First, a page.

wench ( winch )

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Senior Member
Hello, this is Orlando Bloom in talk show. He is talking about a episode when he fall from fourth floor.

it was just a meter and a half down to the left, I could have just jumped straight from the window, but instead I got onto this rusty piece of drain piping and fell back three floors and landed between, on a first–from a fourth floor window onto a first floor roof terrace– between some iron railings and an old washing machine that had been left out. So I was–it was a narrow escape just from that fact. And then, I lay there and wasn't able to move anything. And I was completely freaked out. They got a helicopter, they couldn't get to me. Eventually they got a fire engine and they got a, wenched a fireman over who knocked through the doors and got me, got me out of there

What does it mean wench here?
  • Myridon

    Senior Member
    English - US
    It's a typo for "winched." They used a winch (a mechanical system of pulleys and cables/ropes/etc).


    Senior Member
    I think the intended word is winched, meaning "used a winch" (that is, a piece of machinery that uses a rope and pulleys). The rescuers used a rope and an arrangement of pulleys to get a firefighter to him.

    (Cross-posted with Myridon and Packard.)


    Senior Member
    USA English
    Since the OP refers to a "talk show" and doesn't tell us whether a transcript is involved or someone just trying to transcribe it, I wouldn't call it a "typo" without knowing how the text got into the post.

    I have no idea of who "Orlando Bloom" might be, but in some regions in the U.S., the 'i' and 'e' sounds are swapped and "engine," for example, is pronounced like "injun."


    Senior Member
    Orlando Bloom is English - from Kent, according to IMBd. I don't know if the pronunciation you mention, SDG, is typical of that part of England or not. But it sounds like the type of mild mispronunciation that many people might make, and it also sounds like the sort of misunderstanding that someone creating a transcript might make, too.


    Senior Member
    USA, English
    I googled "Fire Fighting Equipment, list" and got several including a rather long one on WIKI. None listed a "winch" as a piece of fire fighting equipment. Several listed "wrench".

    I still think that it is a typo for "winch" but I am not entirely ruling out that there is some unknown word out there or that a "wrench" was not the misspelled word, and that the wrench was used to ratchet the device in place. (This last sounds like a stretch to me, but remotely possible.).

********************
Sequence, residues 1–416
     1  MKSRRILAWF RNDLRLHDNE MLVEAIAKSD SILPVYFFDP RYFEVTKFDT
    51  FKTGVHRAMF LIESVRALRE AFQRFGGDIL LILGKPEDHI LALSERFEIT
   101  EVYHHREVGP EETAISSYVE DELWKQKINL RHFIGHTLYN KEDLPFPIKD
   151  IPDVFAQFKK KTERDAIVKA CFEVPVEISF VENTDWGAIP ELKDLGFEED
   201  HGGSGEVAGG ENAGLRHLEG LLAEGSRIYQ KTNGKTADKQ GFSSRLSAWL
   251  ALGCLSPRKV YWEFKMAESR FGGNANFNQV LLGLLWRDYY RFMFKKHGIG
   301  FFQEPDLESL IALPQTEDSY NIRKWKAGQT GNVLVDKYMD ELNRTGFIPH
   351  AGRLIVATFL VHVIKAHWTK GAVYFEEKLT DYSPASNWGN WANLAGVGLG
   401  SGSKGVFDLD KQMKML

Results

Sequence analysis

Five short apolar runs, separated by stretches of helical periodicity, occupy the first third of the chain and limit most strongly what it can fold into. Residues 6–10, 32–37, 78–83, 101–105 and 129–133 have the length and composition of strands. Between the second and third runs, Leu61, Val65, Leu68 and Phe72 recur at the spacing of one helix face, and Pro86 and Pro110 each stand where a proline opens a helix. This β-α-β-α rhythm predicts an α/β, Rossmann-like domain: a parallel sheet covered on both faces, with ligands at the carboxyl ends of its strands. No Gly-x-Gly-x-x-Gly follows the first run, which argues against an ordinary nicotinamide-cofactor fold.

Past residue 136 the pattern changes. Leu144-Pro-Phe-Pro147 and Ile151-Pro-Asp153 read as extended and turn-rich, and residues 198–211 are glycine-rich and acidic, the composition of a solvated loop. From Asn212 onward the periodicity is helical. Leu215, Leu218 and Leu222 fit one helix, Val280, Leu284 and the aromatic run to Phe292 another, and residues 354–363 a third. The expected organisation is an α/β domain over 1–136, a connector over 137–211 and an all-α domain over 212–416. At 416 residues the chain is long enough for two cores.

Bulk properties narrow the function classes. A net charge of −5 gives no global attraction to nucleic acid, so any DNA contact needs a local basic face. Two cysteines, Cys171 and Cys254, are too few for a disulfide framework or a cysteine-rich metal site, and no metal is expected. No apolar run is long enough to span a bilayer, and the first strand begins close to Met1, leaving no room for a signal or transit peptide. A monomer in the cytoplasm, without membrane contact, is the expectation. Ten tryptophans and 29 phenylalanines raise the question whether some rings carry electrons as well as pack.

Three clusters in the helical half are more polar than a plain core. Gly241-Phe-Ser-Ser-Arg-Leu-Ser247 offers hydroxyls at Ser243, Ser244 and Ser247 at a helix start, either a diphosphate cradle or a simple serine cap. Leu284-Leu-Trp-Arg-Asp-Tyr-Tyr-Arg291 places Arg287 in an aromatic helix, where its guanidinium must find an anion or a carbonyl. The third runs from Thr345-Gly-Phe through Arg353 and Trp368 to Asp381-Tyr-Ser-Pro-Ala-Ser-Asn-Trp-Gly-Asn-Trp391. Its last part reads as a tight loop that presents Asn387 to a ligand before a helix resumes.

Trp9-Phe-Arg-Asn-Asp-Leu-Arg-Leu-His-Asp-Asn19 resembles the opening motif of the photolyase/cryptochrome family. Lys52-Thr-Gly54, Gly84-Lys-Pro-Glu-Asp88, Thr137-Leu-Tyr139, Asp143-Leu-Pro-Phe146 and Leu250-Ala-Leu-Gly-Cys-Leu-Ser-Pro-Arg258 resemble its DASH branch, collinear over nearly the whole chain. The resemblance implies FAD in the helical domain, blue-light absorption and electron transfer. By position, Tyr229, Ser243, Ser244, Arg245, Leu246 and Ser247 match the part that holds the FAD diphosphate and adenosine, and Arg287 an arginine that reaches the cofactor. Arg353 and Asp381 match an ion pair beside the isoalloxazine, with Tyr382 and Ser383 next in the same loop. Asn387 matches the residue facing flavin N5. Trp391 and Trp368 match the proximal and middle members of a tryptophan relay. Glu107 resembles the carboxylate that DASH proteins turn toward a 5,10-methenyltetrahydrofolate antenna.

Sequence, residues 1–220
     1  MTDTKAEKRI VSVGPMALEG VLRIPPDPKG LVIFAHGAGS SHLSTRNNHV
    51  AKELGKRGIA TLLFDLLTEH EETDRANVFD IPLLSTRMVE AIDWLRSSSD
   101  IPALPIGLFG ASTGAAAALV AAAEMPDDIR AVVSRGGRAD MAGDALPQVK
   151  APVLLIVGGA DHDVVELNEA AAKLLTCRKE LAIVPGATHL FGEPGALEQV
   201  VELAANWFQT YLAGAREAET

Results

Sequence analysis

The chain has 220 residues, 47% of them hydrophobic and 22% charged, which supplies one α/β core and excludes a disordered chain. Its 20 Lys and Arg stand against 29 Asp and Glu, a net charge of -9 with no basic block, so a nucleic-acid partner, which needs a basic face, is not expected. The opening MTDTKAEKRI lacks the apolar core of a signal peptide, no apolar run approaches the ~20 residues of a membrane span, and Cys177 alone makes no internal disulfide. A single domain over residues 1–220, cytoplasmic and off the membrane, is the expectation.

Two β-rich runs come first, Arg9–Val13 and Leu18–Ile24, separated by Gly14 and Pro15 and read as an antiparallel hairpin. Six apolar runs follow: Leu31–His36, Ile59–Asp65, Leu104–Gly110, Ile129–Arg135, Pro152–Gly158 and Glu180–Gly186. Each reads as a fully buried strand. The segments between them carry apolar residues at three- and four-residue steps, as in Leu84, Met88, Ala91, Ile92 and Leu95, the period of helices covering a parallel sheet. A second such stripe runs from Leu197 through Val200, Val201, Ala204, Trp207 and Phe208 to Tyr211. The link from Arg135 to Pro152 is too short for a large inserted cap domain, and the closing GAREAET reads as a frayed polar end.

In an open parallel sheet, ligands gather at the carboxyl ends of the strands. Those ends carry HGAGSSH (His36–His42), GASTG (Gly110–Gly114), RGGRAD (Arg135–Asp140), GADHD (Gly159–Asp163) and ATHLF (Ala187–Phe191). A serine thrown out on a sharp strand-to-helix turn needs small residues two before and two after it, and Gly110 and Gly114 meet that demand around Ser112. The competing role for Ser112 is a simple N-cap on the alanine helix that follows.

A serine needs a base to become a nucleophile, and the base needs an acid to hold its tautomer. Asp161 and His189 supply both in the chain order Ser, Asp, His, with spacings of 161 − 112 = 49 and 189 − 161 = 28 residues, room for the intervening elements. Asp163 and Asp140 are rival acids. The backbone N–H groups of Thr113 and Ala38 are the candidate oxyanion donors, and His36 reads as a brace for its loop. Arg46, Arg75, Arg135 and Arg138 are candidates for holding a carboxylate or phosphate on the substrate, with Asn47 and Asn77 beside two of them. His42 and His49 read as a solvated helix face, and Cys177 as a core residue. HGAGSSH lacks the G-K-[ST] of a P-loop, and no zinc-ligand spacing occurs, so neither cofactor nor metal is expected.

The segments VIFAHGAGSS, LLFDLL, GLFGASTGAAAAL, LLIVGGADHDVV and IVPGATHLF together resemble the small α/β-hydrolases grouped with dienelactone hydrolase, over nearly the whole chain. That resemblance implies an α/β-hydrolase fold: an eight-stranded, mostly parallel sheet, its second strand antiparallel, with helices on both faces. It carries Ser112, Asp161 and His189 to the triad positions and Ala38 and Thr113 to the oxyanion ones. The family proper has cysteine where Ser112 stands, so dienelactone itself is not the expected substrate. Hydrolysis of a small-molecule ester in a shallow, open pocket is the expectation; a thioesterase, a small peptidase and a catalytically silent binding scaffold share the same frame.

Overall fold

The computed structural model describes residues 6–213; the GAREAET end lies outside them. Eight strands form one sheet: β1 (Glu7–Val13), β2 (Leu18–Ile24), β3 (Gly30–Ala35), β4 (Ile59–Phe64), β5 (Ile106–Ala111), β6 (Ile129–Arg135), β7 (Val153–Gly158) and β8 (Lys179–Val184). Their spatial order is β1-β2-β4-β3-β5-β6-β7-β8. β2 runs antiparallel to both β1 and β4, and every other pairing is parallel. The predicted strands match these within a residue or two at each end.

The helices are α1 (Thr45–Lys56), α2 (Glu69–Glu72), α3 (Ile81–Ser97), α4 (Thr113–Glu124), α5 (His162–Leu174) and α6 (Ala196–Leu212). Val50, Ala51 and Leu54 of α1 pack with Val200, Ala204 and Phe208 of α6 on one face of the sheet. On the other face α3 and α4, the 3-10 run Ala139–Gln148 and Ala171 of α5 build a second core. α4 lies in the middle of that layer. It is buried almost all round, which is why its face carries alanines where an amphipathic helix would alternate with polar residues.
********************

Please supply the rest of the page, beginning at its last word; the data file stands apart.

But it does not appear that a "winch" is part of standard fire fighting gear.

    Addendum: After all that typing an additional Google search yielded this site that sells fire fighting winches: https://www.warn.com/fire_rescue/winches.shtml


    Modwoman in the attic
    English - United States
    I've spent the past forty years in and around firefighting.

    While a winch is not a standard piece of firefighting equipment, some fire apparatus are equipped with them. It seems the most likely possibility here. I can't think of a way a wrench would be used to accomplish this, and as a BE speaker, wouldn't Bloom refer to that as a "spanner?"

    It should also be kept in mind that Bloom may not be conversant with the appropriate term. If a block-and-tackle arrangement, or what in the US we call a "come-along" had been used, he might have referred to it as a "winch."


    Senior Member
    British English
    If you want to be bothered you can search for the text in Google to find that there is only a single hit, a video of an interview with a transcript. His pronunciation is slightly unusual and falls part way between "winched" and "wenched". I think it is a case of lip flutter and tongue stall - it certainly is not a typical pronunciation from any part of Britain.

    It's not a typo, it's an error. It's not a wrench, it's a winch.


    Senior Member
    English UK
    Here's Orlando Bloom telling the same story to Homme Arena Magazine in 2001 (my highlighting):
    OB: I was trying to get onto a friend's roof terrace. It was a meter and a half from the window, but I landed on a drainpipe and fell back three floors. [...] They tried bringing a helicopter in to rescue me, but it couldn't land. Then they used a crane to winch over a fireman.
    cross-posted with Andy
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